Fathers Day: Remembering Daddy

Posted: June 16, 2014 in Uncategorized

My father has been gone 13 years now, a quick victim of an even quicker cancer, and there’s not a day that goes by I don’t think of him.  For that reason, Fathers Day has a bittersweet quality for me.  My father is one of the strongest, wisest, grounded people I have ever known and, even now, influences my life in countless ways.

I was a single mother to two small boys when my dad formally, and finally, retired.  He is a former Marine with a degree in poli sci and worked construction all his life simply because he enjoyed the hard physical labor and the pride in being able to say “I built that”.  So, when Dad retired and had time on his hands, he filled it with my boys, teaching them the same things he had taught me: how to throw a baseball, how to hold a paint brush and how to drink Hershey’s syrup out of the bottle without getting it on the floor.  He is the only male role model my boys had for many years and today it’s so obvious to see where some of their more ingrained traits come from: my oldest son’s sense of honor and integrity, the younger one’s spontaneity and love of adventure.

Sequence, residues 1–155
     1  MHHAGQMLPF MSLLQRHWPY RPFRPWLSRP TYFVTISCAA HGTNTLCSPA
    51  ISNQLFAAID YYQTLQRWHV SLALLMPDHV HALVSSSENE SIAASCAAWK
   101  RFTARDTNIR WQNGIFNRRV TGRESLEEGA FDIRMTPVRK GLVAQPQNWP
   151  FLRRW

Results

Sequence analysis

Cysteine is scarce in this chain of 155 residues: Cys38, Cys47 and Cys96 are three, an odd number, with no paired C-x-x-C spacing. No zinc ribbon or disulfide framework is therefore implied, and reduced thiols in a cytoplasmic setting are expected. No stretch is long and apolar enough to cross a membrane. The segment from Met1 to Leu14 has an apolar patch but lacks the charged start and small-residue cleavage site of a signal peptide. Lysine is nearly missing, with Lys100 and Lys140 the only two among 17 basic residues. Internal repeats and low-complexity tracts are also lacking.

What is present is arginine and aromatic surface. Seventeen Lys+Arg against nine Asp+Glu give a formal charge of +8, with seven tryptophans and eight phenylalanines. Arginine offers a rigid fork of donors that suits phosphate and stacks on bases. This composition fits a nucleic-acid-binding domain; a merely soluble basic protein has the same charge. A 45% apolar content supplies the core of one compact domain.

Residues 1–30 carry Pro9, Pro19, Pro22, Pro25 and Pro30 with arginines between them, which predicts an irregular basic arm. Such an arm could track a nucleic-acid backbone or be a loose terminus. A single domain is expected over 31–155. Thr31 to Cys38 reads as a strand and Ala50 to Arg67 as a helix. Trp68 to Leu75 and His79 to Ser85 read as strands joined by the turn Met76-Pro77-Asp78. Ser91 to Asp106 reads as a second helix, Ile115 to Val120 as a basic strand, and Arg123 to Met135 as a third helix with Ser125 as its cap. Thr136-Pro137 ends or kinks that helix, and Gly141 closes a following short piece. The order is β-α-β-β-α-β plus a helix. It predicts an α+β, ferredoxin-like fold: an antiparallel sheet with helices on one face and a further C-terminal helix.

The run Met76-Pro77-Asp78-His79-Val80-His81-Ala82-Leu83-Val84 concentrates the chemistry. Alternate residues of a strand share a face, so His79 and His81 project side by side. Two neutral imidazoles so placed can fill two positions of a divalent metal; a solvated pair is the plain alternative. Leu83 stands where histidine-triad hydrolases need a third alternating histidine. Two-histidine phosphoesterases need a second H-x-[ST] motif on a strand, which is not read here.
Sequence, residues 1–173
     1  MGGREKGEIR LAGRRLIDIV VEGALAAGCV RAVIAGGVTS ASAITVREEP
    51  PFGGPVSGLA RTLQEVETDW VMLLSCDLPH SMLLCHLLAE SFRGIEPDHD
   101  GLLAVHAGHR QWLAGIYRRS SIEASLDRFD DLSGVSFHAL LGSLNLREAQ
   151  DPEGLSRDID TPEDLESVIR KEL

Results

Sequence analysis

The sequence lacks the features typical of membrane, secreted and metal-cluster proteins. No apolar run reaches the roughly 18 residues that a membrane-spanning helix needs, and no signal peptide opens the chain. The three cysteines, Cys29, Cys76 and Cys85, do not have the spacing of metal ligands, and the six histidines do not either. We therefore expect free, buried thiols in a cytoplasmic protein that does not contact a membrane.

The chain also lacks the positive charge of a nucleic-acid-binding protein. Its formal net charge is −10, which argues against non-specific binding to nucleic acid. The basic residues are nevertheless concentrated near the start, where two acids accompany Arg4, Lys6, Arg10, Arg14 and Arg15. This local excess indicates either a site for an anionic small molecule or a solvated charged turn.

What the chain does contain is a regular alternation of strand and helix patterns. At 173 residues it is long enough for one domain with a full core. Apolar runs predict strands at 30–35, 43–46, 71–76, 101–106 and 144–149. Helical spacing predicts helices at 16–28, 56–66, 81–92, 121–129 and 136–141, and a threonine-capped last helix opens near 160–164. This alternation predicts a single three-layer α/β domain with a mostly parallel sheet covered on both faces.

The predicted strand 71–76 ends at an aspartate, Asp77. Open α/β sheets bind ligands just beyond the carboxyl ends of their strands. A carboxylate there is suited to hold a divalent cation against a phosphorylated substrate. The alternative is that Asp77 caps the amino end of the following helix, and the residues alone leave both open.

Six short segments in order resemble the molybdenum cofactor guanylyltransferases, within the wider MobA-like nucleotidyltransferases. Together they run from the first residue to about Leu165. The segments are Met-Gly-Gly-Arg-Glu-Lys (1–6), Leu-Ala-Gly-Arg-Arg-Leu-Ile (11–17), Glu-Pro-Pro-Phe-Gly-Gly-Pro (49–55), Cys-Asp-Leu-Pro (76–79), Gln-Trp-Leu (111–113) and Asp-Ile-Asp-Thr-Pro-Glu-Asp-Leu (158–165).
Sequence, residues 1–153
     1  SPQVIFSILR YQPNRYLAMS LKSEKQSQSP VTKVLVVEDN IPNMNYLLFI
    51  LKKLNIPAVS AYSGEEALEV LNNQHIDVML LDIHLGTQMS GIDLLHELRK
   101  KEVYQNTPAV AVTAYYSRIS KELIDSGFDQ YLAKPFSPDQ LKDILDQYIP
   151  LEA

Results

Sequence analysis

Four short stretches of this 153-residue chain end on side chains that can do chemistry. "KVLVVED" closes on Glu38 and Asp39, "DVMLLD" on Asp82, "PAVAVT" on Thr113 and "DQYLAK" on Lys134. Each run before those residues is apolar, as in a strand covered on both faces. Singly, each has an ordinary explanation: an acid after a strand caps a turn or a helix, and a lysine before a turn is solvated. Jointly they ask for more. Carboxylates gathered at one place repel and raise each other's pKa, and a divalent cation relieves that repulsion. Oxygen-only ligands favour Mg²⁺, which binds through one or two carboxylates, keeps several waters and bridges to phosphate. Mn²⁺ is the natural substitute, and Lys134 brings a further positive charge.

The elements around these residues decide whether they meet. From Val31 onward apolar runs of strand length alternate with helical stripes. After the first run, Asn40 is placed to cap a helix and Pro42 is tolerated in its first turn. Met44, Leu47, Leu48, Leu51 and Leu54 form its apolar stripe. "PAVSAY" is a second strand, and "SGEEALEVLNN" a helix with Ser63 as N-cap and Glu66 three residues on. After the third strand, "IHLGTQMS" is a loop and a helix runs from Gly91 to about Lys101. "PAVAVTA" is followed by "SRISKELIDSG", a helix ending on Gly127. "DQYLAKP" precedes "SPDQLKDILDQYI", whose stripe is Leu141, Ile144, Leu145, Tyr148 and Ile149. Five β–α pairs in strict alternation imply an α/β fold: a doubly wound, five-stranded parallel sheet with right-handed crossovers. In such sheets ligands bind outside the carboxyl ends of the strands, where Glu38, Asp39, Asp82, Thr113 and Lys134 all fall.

I don’t speak of my dad in the past tense- I can’t.  Not when I look around me and see evidence of him everywhere in my life, of his influence on all the people I love.  My dad is an incredibly spiritual man and he promised me if there was a way back he would find it, just to let me know he was all right.  He did.  I see him with me every time I look at my boys.  I feel his reaching out to me when my mother tells stories of their early years together.  He tugs on my shirtsleeve if I’m wrestling with a problem and don’t quite know what to do.  He has taken up residence on my shoulder and guides my actions with his wisdom and wit.

Daddy’s not here to go shopping with anymore, or taste test the latest meringue pie, but in no way has his presence disappeared from my life. I am so very grateful I had the kind of upbringing I did, the background I come from.  But,more than that, I’m grateful for the kind of father I had- one whose influence was not only felt across the miles but, now, even across time.

I love you, Daddy.  I’ll leave the light on for you…..



  1. Anonymous says:

    Can’t read through the tears

Leave a Reply

Fill in your details below or click an icon to log in:

WordPress.com Logo

You are commenting using your WordPress.com account. Log Out /  Change )

Google+ photo

You are commenting using your Google+ account. Log Out /  Change )

Twitter picture

You are commenting using your Twitter account. Log Out /  Change )

Facebook photo

You are commenting using your Facebook account. Log Out /  Change )


Connecting to %s